I did not mortise, (countersink), the worm gear assembly into the cheek, but choose, instead, to mount them flush on the outside and fabricate circular hardwood bushings that are between the back of the gear and the face of the cheek ( difficult to see in this photo). I played with a mockup at my kitchen table for a week(!), to see how best to gauge the meshing of the worm/circular gear teeth.
    These tuners function smoothly, with no backlash, binding or rattling.
    I charged myself an arm and a leg!
    Thanks and Good Luck.

    Attached Files:

    • #6.pdf
      File size:
      24.7 KB
  12. robobass


    Aug 1, 2005
    Cologne, Germany
    Private Inventor - Bass Capos
    This sounds exactly right. I would say that having the pegs angled so much is not such a problem in itself, but the fact the the gears are on such a different plane as the plates (especially on the "G") means that they aren't going to mesh well with the worm gears, and will eventually bind up, even if they work well now. I'd get this fixed pronto. Every time you turn a tuner key, you will likely be doing some damage.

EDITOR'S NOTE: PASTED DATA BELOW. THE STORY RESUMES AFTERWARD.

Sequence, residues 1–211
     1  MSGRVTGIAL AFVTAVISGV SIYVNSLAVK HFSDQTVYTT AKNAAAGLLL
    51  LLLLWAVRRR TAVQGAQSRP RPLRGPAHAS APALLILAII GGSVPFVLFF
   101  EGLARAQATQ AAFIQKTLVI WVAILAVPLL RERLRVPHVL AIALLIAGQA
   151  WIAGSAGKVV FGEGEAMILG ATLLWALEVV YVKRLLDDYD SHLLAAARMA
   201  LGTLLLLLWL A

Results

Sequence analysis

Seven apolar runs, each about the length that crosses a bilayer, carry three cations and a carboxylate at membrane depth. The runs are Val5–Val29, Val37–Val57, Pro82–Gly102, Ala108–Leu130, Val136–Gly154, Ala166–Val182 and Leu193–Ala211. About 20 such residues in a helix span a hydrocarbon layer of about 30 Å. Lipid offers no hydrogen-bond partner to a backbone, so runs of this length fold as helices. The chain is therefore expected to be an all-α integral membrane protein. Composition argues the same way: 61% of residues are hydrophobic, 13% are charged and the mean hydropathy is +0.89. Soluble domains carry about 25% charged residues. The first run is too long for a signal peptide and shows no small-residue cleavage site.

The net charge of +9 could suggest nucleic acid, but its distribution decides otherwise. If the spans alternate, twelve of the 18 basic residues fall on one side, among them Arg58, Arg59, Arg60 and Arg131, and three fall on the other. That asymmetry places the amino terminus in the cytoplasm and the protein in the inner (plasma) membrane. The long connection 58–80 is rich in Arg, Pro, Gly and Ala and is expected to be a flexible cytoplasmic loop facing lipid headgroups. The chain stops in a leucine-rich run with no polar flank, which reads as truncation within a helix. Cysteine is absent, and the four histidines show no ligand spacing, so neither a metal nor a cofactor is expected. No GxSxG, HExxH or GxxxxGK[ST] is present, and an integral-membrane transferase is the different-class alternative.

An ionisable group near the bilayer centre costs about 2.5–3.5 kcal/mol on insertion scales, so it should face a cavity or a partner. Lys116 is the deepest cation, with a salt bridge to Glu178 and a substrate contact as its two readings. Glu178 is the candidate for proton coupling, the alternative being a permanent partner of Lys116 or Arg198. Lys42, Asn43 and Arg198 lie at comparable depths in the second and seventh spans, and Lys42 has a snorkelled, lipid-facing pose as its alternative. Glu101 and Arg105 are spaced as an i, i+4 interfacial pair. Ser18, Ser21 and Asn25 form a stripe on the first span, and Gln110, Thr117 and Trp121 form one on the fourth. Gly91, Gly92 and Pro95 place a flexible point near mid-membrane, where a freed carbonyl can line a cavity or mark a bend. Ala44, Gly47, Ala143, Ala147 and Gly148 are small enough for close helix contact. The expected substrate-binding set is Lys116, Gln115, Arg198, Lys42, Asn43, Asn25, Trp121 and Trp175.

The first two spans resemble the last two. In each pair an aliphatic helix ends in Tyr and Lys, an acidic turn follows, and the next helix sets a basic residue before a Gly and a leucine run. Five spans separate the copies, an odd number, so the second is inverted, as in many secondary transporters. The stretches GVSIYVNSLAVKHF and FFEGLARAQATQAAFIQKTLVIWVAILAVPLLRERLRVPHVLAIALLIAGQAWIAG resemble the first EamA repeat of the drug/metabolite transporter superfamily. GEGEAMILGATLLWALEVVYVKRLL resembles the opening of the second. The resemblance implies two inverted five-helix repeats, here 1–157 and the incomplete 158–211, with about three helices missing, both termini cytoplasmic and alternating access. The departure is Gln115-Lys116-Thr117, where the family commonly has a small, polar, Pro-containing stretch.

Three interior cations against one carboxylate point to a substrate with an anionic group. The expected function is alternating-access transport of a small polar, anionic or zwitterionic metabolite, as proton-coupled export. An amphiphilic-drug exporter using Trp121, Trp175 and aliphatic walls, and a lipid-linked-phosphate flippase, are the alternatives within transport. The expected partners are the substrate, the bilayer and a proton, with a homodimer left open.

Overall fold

13. hsouth


    Sep 9, 2009
    Luthier isn't working this week because of personal health issues. I'm going to call back this week. I'll keep you all updated on what happens with the bass, and thanks again for comments.